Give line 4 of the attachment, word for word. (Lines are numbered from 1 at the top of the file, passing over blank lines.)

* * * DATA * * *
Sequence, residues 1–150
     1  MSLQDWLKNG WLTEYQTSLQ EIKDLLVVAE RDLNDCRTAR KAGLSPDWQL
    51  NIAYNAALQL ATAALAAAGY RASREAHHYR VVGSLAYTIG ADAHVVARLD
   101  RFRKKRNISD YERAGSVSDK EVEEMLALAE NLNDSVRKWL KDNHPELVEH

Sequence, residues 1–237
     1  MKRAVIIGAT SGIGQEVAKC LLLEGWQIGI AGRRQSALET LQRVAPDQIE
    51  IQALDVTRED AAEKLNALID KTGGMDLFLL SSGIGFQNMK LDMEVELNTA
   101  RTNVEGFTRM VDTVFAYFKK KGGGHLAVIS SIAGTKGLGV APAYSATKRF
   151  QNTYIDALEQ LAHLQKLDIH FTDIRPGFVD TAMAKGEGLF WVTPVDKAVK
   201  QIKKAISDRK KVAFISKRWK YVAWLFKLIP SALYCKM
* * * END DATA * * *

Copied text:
   101  RFRKKRNISD YERAGSVSDK EVEEMLALAE NLNDSVRKWL KDNHPELVEH